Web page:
At the end of last year, it was reported that the The Cork bar on West Adams quietly ceased to be. However due to a long history of disturbances the establishment and its patrons created in the nearby residential neighborhood, perhaps the quiet is much needed.
Nonetheless, another LA dive bar becomes history.
Constructed in 1933, the building at the corner of West Adams and South Palm Grove operated for years as a retail space housing a plumbing shop and then carpet store. In 1947 The Cork Bar and Grill was established by a character named Big John Collins.
Back then it hashed soul food and highballs to athletes, jazz musicians, and professionals. It went through a couple more owners and several other changes before finally seeing its final days.
The awesome arrow style neon sign beckoned us in back in the late ’90’s. At the time, there was not much else in the way of nightlife nearby. Ducking in the Cork had a pleasant neighborhood feel. As memory serves, the dark inside was largely illuminated by large rectangle backlit bar where locals and regulars nursed their drinks. The cocktails were stiff, the music was prominent, and there was a bit of dancing among the high top tables.
In the cyclical pattern of history, the space will be folded into commercial units, prime real estate in a district swiftly succumbing to gentrification. And the Cork will soon be a distant memory.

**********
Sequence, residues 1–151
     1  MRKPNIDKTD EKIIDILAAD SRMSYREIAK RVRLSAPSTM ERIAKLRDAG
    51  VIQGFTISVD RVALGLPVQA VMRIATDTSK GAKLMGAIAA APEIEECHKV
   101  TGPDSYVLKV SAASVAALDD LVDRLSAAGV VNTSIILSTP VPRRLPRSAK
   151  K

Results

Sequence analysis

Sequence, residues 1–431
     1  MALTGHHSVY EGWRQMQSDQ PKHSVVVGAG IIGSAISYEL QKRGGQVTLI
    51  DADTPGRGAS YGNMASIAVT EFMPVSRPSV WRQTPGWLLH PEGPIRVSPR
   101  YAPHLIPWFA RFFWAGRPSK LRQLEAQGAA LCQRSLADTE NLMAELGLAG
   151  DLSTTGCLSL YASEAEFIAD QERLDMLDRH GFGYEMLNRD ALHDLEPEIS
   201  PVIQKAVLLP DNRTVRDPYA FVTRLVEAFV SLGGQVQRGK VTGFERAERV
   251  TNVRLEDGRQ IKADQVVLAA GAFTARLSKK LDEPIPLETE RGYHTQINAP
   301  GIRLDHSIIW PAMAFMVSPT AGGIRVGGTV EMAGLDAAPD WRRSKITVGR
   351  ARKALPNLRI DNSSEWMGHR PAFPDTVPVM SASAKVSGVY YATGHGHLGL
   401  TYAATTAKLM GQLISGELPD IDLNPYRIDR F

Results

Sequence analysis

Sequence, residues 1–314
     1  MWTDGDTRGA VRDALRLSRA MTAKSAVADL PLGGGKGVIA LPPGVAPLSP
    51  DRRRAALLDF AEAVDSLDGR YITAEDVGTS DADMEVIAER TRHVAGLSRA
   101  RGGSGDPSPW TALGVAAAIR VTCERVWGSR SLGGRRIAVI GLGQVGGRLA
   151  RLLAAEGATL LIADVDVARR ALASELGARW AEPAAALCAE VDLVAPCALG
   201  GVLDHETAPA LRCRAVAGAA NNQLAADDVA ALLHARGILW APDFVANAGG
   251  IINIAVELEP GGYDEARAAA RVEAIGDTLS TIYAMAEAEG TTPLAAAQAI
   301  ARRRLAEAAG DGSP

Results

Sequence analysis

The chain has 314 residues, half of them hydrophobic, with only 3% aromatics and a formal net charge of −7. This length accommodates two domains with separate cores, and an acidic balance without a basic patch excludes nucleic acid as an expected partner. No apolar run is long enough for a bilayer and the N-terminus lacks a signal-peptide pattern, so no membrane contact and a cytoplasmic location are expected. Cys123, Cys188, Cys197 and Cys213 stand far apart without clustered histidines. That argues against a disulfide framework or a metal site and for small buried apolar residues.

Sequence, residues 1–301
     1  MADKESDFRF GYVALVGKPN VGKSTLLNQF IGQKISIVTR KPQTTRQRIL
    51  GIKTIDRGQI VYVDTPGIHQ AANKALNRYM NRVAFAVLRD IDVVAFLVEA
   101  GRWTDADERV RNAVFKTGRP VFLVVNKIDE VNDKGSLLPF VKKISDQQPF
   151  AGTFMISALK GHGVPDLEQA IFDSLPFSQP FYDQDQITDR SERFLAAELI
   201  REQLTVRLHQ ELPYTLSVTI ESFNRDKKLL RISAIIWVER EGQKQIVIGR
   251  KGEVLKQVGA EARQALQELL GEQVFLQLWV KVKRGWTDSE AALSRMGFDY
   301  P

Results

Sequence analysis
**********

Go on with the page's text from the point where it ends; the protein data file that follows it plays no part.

Many generations spent their chili burger youth hanging out at Tommy’s Burgers at Rampart & Beverly Blvd at all hours of the day and night, long before Tommy’s was franchised and spread all across Los Angeles County, even stretching into Nevada. Tommy’s chili burgers could soak up a long evening’s worth of alcohol and even treat a hang-over or at least distract from the pain with a good dose of indigestion.
But close by, over at Virgil & Santa Monica Blvd there was another chili burger stand, much smaller but just as good, many Angelinos say even better. The burger stand had a great 58 year run, mostly as Jay’s Jayburgers, before it was forced to close in ugly fashion back in 2005, another bit of Los Angeles history tossed into the trash bin.
It was first closed in 2000 when owner Lionel “Jay” Coffin could not afford the massive rent hike demanded by the new owners of the land beneath Jay’s feet. However, Jay and his burger fans didn’t go down without a fight, fueled by their love of Jay’s chili burgers. And why not? Jay invented the recipe for Tommy’s chili and left Tommy’s when he wasn’t cut in with a piece of the action, or so the story goes.
A couple fans of Jay’s initially stepped in and purchased the stand from Coffin and managed to keep it running another 5 years until another rent hike forced a second closing. Jay’s daughter then tried to move the stand but the landowners claimed they owned it because it was bolted to the cement that was part of the corner lot they purchased. Most of the story is documented in the obit for Jayburger published in the LA Times.
But the story doesn’t end there because Jayburgers has a bitter sweet ending: Jayburger’s stand remains in its original spot though a two story mini mall now surrounds it and chili burgers are no longer sold but instead Mexican food with rows of chickens roasting on a large open barbecue most afternoons.